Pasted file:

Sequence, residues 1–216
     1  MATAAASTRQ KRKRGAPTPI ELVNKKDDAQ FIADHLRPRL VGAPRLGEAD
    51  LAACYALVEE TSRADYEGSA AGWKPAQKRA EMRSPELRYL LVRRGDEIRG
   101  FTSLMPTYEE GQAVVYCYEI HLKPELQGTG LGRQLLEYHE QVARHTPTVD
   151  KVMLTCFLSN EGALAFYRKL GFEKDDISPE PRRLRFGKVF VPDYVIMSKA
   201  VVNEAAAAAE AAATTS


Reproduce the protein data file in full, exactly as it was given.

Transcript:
Sequence, residues 1–216
     1  MATAAASTRQ KRKRGAPTPI ELVNKKDDAQ FIADHLRPRL VGAPRLGEAD
    51  LAACYALVEE TSRADYEGSA AGWKPAQKRA EMRSPELRYL LVRRGDEIRG
   101  FTSLMPTYEE GQAVVYCYEI HLKPELQGTG LGRQLLEYHE QVARHTPTVD
   151  KVMLTCFLSN EGALAFYRKL GFEKDDISPE PRRLRFGKVF VPDYVIMSKA
   201  VVNEAAAAAE AAATTS